For Democrats at every level (local, regional, statewide, national), the message needs to be sharper and stronger if the party is to stand for anything at all. Here in Greene County, I have nothing but admiration for Democrats who brave the odds and run for office (though I’d like to see them more dynamic and outspoken). But as regards the 19th Congressional District, I have to ask: what the hell was the party thinking? Surely Democrats will be able to come up with a more plausible candidate from this region the next time Gibson runs for reelection.

Timid, wishy-washy stances on every important topic contributed to the piss-poor showing of Democrats and progressives on Tuesday. A Democratic candidate in Ohio who wouldn’t even admit to voting for the president? Cuomo at the top of the Working Families ticket? (That party paid dearly for its mistaken “compromise.”) Candidates who were unwilling to address climate change or economic inequality? No wonder most people stayed home, or voted for the other side to voice their dissatisfaction (contrary to their own interests though that vote may have been).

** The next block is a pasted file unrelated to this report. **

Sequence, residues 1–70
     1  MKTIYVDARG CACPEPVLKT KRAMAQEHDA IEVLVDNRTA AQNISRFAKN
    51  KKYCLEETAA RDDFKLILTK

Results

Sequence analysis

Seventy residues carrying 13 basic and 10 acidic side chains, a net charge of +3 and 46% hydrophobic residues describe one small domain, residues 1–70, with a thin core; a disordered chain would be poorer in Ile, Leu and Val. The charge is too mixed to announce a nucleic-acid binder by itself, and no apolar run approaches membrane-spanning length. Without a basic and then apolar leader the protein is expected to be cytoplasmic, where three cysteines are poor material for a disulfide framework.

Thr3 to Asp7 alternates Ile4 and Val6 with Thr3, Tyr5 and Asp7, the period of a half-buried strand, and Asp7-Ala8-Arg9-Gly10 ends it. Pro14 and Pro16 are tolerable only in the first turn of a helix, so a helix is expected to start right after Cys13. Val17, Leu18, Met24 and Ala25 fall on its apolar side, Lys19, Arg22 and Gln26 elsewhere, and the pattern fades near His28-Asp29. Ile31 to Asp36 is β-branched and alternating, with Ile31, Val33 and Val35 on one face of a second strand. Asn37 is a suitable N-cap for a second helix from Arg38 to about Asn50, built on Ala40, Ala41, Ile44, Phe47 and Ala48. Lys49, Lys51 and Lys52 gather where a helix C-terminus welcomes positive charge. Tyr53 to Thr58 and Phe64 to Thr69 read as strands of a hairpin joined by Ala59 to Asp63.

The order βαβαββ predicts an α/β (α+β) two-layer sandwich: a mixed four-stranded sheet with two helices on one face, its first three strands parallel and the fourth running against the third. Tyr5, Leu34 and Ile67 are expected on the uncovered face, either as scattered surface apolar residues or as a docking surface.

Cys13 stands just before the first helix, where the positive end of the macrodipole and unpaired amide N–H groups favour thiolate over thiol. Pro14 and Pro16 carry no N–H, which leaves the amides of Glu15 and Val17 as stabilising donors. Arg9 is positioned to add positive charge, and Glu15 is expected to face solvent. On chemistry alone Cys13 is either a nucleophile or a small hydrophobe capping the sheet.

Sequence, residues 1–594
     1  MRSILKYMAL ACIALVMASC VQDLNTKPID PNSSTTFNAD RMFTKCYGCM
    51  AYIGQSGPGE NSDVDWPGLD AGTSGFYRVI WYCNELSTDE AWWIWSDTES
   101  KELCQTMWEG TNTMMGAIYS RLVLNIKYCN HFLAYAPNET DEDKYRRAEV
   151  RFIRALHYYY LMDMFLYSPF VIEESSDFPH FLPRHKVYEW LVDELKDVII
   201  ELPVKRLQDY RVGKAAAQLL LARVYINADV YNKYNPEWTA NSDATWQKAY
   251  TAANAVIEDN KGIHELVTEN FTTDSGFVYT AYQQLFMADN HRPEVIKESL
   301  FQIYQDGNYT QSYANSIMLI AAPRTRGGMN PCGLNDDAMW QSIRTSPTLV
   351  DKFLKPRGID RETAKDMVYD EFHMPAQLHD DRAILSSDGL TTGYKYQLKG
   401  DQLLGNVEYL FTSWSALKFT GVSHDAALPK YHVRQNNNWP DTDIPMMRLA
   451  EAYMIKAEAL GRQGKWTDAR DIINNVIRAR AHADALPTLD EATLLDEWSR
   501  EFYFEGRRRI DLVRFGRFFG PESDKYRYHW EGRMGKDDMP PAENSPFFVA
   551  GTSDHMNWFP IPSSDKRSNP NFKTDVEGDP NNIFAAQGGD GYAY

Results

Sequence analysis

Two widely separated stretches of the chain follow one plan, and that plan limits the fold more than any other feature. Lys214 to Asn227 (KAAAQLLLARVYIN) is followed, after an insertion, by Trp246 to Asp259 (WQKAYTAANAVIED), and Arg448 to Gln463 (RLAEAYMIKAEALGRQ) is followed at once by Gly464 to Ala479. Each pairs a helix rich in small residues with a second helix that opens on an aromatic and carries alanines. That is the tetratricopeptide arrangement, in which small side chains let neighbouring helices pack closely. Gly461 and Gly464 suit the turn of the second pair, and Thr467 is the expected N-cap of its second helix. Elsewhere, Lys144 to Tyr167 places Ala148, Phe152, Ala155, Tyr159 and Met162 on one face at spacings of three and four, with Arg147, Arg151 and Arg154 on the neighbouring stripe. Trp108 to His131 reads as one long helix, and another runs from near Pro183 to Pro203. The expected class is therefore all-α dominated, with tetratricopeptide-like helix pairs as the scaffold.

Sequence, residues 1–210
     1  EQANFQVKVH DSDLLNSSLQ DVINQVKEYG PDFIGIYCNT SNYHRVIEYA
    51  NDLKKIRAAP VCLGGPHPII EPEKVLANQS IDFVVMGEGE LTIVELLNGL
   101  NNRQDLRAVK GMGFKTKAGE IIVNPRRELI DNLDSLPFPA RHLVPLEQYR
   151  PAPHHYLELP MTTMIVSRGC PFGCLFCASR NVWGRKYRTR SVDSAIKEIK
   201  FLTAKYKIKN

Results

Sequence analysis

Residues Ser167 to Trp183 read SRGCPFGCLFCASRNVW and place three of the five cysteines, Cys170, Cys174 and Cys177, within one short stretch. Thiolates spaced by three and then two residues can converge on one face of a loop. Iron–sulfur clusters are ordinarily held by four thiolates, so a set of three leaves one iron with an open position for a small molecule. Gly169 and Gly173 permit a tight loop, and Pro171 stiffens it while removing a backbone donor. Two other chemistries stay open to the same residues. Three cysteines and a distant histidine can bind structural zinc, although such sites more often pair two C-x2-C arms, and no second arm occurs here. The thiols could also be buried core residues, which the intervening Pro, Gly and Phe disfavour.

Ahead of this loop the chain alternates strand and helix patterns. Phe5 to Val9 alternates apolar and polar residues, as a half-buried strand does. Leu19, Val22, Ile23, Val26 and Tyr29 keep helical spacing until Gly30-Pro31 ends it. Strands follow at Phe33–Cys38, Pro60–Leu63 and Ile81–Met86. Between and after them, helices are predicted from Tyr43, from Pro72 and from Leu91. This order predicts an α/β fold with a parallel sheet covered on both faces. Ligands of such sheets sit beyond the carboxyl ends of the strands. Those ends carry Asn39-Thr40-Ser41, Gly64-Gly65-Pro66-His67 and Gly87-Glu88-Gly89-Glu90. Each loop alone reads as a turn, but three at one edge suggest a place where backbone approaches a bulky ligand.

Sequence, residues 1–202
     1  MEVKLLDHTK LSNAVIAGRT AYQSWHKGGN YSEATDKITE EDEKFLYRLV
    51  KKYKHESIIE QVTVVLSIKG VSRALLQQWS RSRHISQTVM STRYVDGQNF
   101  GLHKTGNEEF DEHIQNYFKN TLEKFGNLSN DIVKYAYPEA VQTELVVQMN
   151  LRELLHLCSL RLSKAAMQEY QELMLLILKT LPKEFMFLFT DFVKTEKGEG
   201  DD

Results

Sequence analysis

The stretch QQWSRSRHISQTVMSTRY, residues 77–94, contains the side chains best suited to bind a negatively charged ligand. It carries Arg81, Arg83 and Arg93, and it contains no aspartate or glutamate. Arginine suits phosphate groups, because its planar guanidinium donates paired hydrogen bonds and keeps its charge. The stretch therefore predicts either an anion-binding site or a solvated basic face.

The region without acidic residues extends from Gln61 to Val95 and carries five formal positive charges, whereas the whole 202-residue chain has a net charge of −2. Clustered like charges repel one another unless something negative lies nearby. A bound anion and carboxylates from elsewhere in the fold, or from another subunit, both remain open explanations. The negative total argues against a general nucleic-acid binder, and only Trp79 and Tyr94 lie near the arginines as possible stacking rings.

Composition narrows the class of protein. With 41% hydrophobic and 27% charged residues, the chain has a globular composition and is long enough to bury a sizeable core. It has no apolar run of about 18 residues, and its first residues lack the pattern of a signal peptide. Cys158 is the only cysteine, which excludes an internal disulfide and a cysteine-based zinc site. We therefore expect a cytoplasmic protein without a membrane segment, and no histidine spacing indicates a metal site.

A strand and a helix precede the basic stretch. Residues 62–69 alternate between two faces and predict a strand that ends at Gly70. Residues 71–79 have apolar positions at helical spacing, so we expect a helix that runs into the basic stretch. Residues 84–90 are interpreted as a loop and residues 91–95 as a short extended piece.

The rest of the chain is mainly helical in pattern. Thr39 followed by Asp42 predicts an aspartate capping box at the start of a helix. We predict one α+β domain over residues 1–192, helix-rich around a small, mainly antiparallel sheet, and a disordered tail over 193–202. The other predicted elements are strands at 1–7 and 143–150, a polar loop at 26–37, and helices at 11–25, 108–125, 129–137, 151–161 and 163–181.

Zephyr Teachout, who ran strongly against Cuomo in the Democratic primary, had this to say about the midterm results.

And the national news that Democrats lost—well, that’s a sign we need to return to our core progressive values with Elizabeth Warren-style populism if we’re going to win, not a set of manufactured milquetoast messages with no real ideas behind them. People feel powerless—we should address that honestly and directly, and take on the monopolists that are rigging the system. We need a trust-busting, pro-public school, clean energy Democratic Party that is unafraid to speak the truth and refuses the trickle-down ideology. So let’s keep up the fight.

She’s not talking about Hillary Clinton in 2016, folks.

I almost decided to ignore this election. Yes, the country is in dire straits and the stakes are indeed high. But it’s likely this election will have almost zero impact on any of our nation’s most important problems. For the first time in my life I’m tempted to skip voting altogether.

Vote Blue—Power to the People